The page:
I think terrain in the East is typically a lot harder than stuff out west.


I think you will get a lot of pushback on that comment, even from those in the East. I find the mid-west has the hardest terrian in the lower 48.
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Re: Your Time vs. Book Time

Postby MoapaPk » Mon Oct 11, 2010 11:50 pm

Go off-trail in the NE; say, the Adirondacks. Report when you get back.
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Re: Your Time vs. Book Time

Postby MoapaPk » Tue Oct 12, 2010 12:21 am

mattski wrote:by the looks of things you guys in the usa have nice approach trails with out evin a stone on them

Approach trail for Mt Wilson, NV (before the real climbing):
Image

First Creek. No stones, just big rocks.
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Re: Your Time vs. Book Time

Postby nartreb » Tue Oct 12, 2010 12:35 am

It all depends. If I'm packing light and tyring to go fast, I can often go about twice as fast as book time. On a winter overnight trip, breaking trail, I'm happy to equal book time. Now if I were actually fast, I'd be aiming at the record for the Pemi Loop: seven hours (book time 20:15).

As for east vs west, I'll say this: what's this word "switchback"? I've got a buddy swears he's seen a few in the East, but he believes in Bigfoot too.
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Re: Your Time vs. Book Time

Postby Castlereagh » Tue Oct 12, 2010 1:11 am

nartreb wrote:It all depends. If I'm packing light and tyring to go fast, I can often go about twice as fast as book time. On a winter overnight trip, breaking trail, I'm happy to equal book time. Now if I were actually fast, I'd be aiming at the record for the Pemi Loop: seven hours (book time 20:15).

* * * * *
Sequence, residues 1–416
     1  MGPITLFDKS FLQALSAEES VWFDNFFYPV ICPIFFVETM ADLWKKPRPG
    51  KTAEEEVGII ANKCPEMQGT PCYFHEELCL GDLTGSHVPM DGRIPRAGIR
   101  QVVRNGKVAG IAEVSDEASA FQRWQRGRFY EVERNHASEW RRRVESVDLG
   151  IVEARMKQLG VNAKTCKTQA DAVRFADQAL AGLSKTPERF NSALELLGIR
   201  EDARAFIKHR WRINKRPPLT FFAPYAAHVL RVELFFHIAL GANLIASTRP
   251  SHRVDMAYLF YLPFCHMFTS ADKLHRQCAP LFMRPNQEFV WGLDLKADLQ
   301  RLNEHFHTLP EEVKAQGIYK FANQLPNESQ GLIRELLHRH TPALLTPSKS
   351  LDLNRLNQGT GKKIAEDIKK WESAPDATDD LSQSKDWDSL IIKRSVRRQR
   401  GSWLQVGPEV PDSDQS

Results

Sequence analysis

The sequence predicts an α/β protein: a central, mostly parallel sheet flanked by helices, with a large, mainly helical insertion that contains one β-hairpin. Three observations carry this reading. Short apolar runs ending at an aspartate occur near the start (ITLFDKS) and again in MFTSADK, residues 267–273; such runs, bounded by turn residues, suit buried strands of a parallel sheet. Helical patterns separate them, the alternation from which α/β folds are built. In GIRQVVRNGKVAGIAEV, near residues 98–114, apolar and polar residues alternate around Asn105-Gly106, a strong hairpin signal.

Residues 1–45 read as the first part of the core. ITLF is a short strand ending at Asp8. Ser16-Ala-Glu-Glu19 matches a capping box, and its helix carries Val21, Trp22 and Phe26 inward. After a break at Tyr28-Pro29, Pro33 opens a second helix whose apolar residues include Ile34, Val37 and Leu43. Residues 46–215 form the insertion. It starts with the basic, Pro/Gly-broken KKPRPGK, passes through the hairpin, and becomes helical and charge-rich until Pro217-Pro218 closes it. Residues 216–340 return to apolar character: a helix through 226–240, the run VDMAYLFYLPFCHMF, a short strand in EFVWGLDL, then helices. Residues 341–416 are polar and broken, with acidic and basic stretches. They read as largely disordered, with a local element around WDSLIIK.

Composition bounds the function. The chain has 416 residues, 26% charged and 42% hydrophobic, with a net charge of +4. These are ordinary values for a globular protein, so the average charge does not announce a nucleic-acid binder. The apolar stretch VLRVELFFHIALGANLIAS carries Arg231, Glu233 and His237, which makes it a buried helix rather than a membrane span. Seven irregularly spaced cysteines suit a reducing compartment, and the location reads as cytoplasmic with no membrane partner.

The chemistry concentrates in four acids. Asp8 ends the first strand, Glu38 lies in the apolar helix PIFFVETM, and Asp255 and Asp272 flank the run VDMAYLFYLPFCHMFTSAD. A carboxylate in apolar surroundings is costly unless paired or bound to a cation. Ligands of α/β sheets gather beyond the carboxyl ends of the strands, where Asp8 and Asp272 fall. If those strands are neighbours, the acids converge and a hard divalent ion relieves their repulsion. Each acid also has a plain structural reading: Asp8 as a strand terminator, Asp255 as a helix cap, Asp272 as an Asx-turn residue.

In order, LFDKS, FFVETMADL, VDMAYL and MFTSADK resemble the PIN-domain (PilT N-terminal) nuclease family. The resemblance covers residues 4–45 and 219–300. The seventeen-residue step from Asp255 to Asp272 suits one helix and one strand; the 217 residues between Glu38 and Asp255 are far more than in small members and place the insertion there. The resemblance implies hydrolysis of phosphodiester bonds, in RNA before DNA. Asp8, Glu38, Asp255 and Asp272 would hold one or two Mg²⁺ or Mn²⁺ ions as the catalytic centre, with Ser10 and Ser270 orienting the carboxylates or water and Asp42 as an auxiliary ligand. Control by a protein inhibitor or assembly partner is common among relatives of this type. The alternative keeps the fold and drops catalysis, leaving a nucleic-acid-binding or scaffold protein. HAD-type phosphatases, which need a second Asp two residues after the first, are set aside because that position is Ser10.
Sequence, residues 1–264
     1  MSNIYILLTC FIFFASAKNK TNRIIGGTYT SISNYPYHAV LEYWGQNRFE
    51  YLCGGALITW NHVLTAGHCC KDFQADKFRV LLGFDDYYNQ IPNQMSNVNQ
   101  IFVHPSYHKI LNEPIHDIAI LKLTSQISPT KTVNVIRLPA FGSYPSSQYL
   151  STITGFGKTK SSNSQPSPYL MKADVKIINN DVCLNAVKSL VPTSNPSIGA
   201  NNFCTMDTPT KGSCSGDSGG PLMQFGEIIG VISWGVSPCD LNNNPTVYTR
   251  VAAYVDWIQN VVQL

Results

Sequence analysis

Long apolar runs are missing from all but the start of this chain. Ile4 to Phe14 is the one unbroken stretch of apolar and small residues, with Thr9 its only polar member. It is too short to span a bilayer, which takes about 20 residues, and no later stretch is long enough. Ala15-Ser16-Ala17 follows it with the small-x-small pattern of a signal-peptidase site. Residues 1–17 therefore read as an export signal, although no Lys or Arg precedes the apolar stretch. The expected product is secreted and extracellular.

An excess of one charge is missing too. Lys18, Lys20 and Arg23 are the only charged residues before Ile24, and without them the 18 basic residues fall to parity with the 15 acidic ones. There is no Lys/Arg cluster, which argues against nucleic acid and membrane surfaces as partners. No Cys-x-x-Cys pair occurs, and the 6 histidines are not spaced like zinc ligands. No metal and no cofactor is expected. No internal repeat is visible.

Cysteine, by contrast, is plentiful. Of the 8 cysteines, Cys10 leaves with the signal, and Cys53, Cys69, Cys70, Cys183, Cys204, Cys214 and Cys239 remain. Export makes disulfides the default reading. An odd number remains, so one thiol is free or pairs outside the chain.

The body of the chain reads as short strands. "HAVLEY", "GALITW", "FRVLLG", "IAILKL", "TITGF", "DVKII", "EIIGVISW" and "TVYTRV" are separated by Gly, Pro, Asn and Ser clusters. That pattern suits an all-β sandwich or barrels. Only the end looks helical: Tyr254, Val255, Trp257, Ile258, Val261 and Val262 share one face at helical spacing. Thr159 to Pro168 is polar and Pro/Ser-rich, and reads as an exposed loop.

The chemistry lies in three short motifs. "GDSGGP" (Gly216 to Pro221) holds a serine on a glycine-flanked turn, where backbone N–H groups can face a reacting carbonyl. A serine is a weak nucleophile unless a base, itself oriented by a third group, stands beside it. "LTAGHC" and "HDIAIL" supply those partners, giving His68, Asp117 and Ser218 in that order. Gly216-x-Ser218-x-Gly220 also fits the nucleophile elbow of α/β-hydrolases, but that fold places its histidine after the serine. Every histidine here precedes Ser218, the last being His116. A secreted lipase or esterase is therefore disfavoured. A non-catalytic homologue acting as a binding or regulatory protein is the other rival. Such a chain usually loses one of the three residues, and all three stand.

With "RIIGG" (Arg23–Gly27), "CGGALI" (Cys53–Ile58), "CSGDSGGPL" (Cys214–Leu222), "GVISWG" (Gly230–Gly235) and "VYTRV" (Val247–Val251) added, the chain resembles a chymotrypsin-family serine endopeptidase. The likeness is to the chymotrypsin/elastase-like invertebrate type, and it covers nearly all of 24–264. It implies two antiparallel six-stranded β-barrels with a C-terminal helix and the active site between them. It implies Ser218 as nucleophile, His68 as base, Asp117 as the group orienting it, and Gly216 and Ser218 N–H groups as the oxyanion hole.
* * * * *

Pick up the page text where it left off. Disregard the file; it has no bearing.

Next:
All the speed records (here and out west in CO/CA as well) are unreal. Half book time is pretty damn fast too. I fast walk when I can, so I gotta figure you're at jogging speed by that point?


MoapaPk wrote:Go off-trail in the NE; say, the Adirondacks. Report when you get back.


Trust me, I am almost more terrified of the ADK bushwhacks than I am most class 3-4 peaks out west.




The whole terrain debate, I'd definitely have to say that I think the West is tougher. I've probably never even experienced the worst of the talus of Idaho or the scree of the Absarokas, to name a few examples. Yeah, there's switchbacks below tree line, but once you're up above the trees going 1000 ft up a scree gully steeper than most non-switchbacking paths in the NE, that's pretty tough shit.

I did Mt. Powell the other month (in the Gores, one of the easier peaks of the range even). 10 miles round trip, 4200 net elevation gain (I'm convinced it's close to over 5000 if you consider all the ups and downs). Doesn't sound too back, but pretty much 90% of that elevation gain is over steep, loose terrain with poor footing. I don't think I've ever been so exhausted on a hike, even compared to more technically difficult outings (such as N Maroon or Pyramid); also another reason why I dread S Maroon, whenever I get to that.
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Re: Your Time vs. Book Time

Postby Alpinisto » Tue Oct 12, 2010 3:54 pm

MoapaPk wrote:Go off-trail in the NE; say, the Adirondacks. Report if you get back.


There...fixed that for ya. :D
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Re: Your Time vs. Book Time

Postby Bark Eater » Tue Oct 12, 2010 5:55 pm

I expect book times are largely published to keep beginners from biting off more than they can chew and from getting into trouble. Most experienced hikers beat them. Of course there are huge differences in pace depending upon whether you are day tripping or carrying a full pack. Re: Eastern vs. Western trails debate. Switchback? What's a switchback? :D